He was considered too old, too liberal and very likely to run out of his amazing luck. But on Wednesday he was Alan Cranston the Triumphant, the Democratic senator who bucked his state's Republican trend and vanquished his toughest challenger ever by 116,622 votes.
With his victory over Rep. Ed Zschau, a verdict that was not certain until 4 a.m., Cranston is headed toward legend status in California politics. He and Hiram Johnson are the only California senators to win four terms in this century, and Cranston is now the undisputed don of the state Democrats.
"I am grateful to all the people who care about the issues that I care about and that I raised in this campaign," Cranston said at a Wednesday morning press conference. "And I'm particularly delighted with my support from younger voters, who were the greatest source of strength in my campaign."
Favored by Young
The Los Angeles Times Poll showed that the 72-year-old senator beat the 46-year-old Zschau among voters who were under the age of 45. Cranston viewed that as validation of his efforts to end the nuclear arms race and to pass child-care and other family-oriented legislation.
Cranston won by running strong in Los Angeles County, by shaving Zschau just enough in the San Joaquin Valley and in Orange and San Diego counties, and by burying him in the San Francisco Bay Area.
He did it by selling his experience and consistency, which helped offset his liberal image. In speeches and television ads, he painted Zschau as a man who "flip-flops" on major issues, raising questions about Zschau's character.
And, near the end, Cranston stressed his independence, the perfect foil to President Reagan's last-minute appeal on behalf of Zschau.
"Alan Cranston is just a damn good instinctual campaigner," said David Doak, one of the senator's media consultants. "When Reagan came in for Zschau, Alan asked when Zschau was going to stand on his own feet. It was brilliant, the final blow. None of us would have thought to state it quite that way."
Cranston also went after victory the way a senator from a big, impersonal state must do it: He found an issue that people could connect to him and he rode it with all he had.
The issue was the environment. Because of the environmental legislation he has passed, Cranston's credibility on this issue was unassailable. While Zschau's environmental record is not bad, his opposition to Proposition 65, the anti-toxics initiative, allowed Cranston to offer another sharp contrast.
"I couldn't believe Zschau handed us that one," Doak said. "You rarely get somebody on the other side of the toxics issue, but that is what happened."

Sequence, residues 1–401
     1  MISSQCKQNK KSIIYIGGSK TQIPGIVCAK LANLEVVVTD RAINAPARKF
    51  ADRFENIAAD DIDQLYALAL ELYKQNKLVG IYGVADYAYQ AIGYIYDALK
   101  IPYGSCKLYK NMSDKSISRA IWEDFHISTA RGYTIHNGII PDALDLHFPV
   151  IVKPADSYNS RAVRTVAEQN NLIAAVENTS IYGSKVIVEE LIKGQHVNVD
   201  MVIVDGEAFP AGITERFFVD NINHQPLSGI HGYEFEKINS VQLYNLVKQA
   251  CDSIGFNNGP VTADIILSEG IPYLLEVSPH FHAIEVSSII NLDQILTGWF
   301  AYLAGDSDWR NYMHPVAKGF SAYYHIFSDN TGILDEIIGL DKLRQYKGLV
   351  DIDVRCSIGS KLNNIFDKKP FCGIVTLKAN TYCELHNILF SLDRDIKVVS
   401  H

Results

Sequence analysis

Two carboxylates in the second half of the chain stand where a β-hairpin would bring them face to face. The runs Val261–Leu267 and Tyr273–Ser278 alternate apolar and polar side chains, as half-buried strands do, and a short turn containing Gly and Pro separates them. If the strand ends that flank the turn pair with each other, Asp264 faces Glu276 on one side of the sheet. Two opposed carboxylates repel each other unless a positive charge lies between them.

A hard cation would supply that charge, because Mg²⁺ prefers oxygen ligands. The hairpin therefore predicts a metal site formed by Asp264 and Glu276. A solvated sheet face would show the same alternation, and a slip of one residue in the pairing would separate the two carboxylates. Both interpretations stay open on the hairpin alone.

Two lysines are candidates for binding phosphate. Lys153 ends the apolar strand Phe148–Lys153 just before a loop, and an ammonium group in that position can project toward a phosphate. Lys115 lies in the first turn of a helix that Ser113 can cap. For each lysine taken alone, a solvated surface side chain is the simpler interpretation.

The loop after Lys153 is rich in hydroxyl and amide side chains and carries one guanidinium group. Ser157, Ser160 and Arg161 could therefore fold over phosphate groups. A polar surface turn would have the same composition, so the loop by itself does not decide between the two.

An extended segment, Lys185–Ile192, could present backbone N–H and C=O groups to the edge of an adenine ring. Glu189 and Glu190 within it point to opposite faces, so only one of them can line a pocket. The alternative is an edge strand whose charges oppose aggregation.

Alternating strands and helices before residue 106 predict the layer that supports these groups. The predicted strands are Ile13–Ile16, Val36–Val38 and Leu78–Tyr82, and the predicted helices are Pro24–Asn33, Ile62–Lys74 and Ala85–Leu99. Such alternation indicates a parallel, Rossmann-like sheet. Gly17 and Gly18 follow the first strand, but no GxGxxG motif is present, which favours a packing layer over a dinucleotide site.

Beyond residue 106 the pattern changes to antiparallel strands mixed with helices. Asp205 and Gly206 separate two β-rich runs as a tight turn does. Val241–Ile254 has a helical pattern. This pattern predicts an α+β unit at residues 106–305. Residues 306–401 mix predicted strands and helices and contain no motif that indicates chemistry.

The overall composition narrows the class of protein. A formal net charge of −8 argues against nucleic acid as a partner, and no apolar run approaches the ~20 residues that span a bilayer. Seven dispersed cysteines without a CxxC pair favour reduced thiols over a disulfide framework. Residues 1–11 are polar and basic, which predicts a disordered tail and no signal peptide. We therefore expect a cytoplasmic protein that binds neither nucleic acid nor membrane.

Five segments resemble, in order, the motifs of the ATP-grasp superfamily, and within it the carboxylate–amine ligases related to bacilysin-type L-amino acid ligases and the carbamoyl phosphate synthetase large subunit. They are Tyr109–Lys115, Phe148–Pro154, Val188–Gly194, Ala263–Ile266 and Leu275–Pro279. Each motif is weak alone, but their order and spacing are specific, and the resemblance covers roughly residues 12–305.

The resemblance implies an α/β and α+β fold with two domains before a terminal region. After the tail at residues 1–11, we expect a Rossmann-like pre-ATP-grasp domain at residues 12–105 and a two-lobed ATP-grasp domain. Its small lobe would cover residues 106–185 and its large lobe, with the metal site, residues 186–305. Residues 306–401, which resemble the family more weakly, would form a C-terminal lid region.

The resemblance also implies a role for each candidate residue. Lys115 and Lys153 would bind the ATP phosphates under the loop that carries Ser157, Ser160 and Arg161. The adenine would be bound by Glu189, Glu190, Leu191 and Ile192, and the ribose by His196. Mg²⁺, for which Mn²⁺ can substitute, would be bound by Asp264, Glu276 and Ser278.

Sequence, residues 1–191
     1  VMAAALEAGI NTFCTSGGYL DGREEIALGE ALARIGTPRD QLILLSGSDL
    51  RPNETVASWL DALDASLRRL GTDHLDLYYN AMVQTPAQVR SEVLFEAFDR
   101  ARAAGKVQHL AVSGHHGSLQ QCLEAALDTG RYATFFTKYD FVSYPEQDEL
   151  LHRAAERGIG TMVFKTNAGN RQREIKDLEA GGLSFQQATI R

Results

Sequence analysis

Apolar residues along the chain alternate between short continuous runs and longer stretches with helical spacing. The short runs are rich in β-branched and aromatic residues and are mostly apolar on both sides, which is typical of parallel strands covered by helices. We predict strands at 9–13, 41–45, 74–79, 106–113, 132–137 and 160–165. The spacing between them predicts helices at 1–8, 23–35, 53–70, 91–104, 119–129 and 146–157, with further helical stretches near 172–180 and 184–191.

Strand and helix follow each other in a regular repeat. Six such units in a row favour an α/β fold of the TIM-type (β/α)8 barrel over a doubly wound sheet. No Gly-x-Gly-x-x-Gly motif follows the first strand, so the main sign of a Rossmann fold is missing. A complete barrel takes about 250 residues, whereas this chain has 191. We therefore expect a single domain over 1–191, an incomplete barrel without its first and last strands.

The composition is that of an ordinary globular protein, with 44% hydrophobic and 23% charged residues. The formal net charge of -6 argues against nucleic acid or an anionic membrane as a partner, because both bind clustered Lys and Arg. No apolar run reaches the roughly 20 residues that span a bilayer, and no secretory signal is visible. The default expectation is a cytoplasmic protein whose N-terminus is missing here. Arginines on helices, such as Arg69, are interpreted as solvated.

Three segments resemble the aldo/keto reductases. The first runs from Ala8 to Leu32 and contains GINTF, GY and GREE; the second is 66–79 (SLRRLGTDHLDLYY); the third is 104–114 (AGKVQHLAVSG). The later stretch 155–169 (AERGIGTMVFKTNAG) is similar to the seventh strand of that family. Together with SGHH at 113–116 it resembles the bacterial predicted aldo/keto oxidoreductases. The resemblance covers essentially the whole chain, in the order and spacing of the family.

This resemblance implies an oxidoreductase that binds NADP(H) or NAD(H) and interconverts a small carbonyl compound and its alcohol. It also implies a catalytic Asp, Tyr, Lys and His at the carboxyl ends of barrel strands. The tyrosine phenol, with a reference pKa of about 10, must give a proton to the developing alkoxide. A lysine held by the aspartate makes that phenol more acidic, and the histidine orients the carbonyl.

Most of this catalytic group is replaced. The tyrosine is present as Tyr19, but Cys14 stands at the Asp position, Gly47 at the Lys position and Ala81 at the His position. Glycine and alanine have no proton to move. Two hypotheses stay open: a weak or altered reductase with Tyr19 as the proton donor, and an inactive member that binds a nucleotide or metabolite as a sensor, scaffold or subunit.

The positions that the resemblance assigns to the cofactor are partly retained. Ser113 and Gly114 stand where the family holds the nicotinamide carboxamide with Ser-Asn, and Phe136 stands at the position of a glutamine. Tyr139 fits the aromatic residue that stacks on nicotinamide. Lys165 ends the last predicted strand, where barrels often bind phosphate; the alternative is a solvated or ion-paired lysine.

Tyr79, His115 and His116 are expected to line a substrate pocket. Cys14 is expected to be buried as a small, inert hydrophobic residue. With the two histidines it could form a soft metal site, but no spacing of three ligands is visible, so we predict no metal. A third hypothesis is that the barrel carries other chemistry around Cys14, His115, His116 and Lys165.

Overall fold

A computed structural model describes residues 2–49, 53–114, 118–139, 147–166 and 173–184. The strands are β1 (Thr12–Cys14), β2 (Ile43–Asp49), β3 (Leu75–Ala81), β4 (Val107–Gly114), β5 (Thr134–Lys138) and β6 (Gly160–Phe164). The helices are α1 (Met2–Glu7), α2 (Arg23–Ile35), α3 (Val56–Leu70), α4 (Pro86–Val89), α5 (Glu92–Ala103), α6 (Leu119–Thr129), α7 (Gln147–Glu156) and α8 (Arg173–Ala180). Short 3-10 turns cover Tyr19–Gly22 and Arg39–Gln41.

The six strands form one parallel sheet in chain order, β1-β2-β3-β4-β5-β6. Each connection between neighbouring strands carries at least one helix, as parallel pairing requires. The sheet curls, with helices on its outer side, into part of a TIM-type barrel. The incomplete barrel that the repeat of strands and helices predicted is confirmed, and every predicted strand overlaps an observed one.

Zschau's business and agricultural financial backers were very opposed to the toxics initiative, and he argued that it would create a "legal blizzard."
But he knew he was vulnerable because he was a former businessman from the so-called Silicon Valley, where toxic waste from the high-tech industry is a major problem.
The Times exit poll found that those who thought the toxics initiative was the most important issue in the campaign went for Cranston by 74% to Zschau's 24%.
"The environment was just a big issue for Cranston in the coastal areas and with Republican moderates," said Caltech political scientist Bruce Cain.
Cranston and Zschau spent at least $11 million each, making the campaign the most expensive in California history. The race--with its high-powered strategists, millions spent on television ads and intricate chess moves by two men who were far apart on many issues--will be studied for years by political scientists and consultants.
They will want to know how, in the age of Ronald Reagan, an aging, untelegenic liberal with 18 years of votes to defend could defeat a young, well-financed "new face," whose business background and fiscal conservatism appeared to make him the man for the time.
One answer is simple. Turnout was low, and though that usually helps Republicans, who are more likely to vote, this time it hurt Zschau. It was 51% in San Diego County, a battleground that was thought to favor the youthful, success-preaching Zschau. He beat Cranston there by 55% to 42%, but the droves of Republicans who stayed home hurt him.
Turnout was 59% in the Republican stronghold of Orange County. Zschau whipped Cranston by 171,000 votes, his biggest county margin. But he needed a much larger margin to offset Cranston's strength in Los Angeles and the San Francisco area.
Because of his moderation on social issues and his late conversion to aiding the Nicaraguan rebels, Zschau was always viewed suspiciously by Southern California conservative Republicans. Even Reagan's visit could not drive enough of them to the polls to help Zschau.
But ironically, Zschau also lost because he went too far to the right in the end in an effort to shore up his conservative base.